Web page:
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Sex-trafficking sting rescues 168 U.S. kids; many had not been reported missing

FBI Director James Comey announced June 23 that a week-long sting operation named Operation Cross Country VIII netted 281 suspected pimps and rescued 168 children. The youngest was only eleven years old. Unfortunately many of the rescued had never been reported missing, with 10 percent under the supervision of the child welfare system.

On June 23 the FBI announced the results of its annual cross-country child sex-trafficking sting.
On June 23 the FBI announced the results of its annual cross-country child sex-trafficking sting. Photo by Mark Wilson/Getty Images

“These are not faraway kids in faraway lands,” Director Comey reported during a press conference. “These are our kids on our street corners, our truck stops, our motels, our casinos. These are America’s children.”

"I hate that we have to do this work — hate it," Comey said. "I love the people who've devoted their lives to doing this work. There is no more meaningful work that the FBI participates in than rescuing children."

This eighth annual sting involved nearly 400 state and local law enforcement agencies that are involved in sex-related crimes. All together these FBI operations has rescued more than 3,600 children.

Comey explained that the operations were designed to "crush these pimps" and show that children are not for sale. They are also intended to rescue children who are being trafficked on street corners, in truck stops and, increasingly, on the Internet, where pimps advertise and arrange sexual encounters.

“Many of the children recovered during this operation were never reported missing,” John Ryan, president of the National Center for Missing and Exploited Children, said at the press conference. “When they go missing from child welfare systems, they are literally flying under the radar. No one is reporting them missing, hence no one is looking for them.”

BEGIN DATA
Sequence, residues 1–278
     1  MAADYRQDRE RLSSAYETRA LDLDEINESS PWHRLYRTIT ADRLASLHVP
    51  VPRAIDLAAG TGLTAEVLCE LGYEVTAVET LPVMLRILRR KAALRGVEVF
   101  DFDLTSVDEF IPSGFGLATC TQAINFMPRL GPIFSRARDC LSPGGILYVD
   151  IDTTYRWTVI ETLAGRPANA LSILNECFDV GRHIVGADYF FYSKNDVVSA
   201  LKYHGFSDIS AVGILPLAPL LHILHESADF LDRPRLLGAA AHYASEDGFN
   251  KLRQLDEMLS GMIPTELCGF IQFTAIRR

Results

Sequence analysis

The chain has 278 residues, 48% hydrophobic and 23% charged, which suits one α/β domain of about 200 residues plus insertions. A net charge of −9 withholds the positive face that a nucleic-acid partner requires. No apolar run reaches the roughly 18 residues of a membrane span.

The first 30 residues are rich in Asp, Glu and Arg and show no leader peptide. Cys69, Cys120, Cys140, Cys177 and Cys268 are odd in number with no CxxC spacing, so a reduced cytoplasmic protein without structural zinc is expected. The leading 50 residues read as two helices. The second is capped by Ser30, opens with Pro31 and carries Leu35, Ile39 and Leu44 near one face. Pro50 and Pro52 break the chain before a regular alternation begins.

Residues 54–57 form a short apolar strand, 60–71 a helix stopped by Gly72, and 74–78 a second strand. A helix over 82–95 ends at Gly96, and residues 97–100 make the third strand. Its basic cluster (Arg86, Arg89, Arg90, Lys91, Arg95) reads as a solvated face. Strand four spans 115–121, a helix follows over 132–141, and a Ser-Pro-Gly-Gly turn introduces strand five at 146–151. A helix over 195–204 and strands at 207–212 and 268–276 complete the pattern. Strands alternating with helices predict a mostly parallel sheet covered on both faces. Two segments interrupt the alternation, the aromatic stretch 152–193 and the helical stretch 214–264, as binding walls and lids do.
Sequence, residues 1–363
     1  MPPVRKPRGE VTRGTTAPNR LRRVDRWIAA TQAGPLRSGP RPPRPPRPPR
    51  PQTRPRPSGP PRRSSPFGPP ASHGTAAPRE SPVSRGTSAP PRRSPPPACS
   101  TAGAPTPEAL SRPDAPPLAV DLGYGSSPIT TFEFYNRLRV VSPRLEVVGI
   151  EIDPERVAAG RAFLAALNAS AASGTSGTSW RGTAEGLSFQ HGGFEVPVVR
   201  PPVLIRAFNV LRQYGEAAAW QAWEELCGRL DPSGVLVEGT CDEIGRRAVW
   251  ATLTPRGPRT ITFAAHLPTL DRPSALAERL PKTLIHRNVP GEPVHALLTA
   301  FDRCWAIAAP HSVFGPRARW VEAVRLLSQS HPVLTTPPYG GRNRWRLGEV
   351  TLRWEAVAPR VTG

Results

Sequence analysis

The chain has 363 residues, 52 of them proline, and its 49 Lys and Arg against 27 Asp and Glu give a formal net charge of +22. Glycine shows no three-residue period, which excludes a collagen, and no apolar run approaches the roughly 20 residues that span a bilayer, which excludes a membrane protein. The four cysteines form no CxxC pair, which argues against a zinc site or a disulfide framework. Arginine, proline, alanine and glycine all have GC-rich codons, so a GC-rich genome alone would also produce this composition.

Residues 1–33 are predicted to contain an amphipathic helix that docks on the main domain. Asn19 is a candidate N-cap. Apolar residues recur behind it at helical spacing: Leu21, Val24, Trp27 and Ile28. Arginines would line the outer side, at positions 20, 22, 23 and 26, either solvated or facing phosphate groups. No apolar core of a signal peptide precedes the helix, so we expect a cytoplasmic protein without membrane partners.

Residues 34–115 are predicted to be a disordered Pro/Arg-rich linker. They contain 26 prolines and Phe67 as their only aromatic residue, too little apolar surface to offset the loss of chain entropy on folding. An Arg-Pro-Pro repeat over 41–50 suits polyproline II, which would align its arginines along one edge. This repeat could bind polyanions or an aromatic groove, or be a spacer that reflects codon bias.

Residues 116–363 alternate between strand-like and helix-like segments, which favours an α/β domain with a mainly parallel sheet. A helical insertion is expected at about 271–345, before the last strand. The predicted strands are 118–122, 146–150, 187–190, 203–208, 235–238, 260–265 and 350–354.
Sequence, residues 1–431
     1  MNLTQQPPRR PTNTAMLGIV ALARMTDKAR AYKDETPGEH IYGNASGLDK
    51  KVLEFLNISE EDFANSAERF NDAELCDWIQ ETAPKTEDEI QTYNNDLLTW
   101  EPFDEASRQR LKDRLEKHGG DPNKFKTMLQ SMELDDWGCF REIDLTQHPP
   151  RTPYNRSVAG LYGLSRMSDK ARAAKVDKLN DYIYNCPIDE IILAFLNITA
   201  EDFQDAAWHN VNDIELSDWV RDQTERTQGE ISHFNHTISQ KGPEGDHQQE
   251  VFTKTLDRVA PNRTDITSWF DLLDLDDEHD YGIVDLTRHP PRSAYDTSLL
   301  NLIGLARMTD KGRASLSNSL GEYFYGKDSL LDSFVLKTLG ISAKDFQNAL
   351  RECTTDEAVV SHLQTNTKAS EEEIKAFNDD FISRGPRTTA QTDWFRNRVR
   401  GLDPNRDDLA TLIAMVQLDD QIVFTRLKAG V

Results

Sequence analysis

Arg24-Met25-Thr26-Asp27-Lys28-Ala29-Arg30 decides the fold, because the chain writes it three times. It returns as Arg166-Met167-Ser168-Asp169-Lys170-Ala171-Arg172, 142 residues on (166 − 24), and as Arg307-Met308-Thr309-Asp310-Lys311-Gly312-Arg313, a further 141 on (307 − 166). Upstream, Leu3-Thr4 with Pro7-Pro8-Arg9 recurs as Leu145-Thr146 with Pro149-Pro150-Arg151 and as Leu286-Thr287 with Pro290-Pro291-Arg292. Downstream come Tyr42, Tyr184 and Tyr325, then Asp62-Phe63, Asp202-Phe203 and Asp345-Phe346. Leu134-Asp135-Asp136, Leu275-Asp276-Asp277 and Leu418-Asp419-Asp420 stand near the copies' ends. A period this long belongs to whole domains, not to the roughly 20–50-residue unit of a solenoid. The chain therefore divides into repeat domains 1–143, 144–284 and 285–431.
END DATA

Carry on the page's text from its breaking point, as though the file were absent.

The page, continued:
Child welfare is not the only culprit in the failure to report teens as missing. Some of these kids are runaways who kids come from broken homes or are mistreated in foster homes and make the mistake that they can care for themselves. They might even have been tossed out by parents who "could not control them." They find themselves on the street eventually, committing crimes to eat, find housing and fund other needs including drugs and alcohol.

Kids that roam the streets are promised a better life by pimps who at first seem harmless and truly concerned about their welfare. Others are tricked into a compromised situation by chatting online with people they think are their own ages. When the perp asks to meet in person they are kidnapped or tricked into going home with the perp.

Law enforcement officials said the suspected pimps will be prosecuted to the fullest extent of the law, citing as a benchmark the January conviction of Paul Bell, a Los Angeles-area gang member who pleaded guilty to sex trafficking and now faces a 30-year prison sentence. In fact, sex trafficking convictions have yielded 14 life sentences.

In monitoring sex trafficking patterns law enforcement agencies have found a more sophisticated pattern by organized groups over the years. Teens are more careful about being caught on street corners. The FBI has found that like many other crimes sex trafficking has moved into secreted Internet communication. Websites are used to both solicit and sell children. That makes it more difficult to investigate. My experience with the FBI regarding identity theft introduced me to some websites that were involved in purchasing children and child porn using stolen credit cards.

In briefings we attended, agents would discuss the changes over the years in regards to trafficking of drugs, people and stolen identity theft information. In years past you could monitor trafficking routes, many that started at the Mexican borders or in metropolitan cities. Law enforcement could more easily ascertain where to look for trafficked items. The Internet is become a perfect tool to stay cloaked and conduct business with relative little risk of exposure for the perpetrator.

"There's a risk that people will imagine these folks as some TV characters," Mr. Comey said of the alleged pimps. "They are not. They are people who are killing the souls of our children, who by their actions are snuffing the light out of the most vulnerable and promising of our people."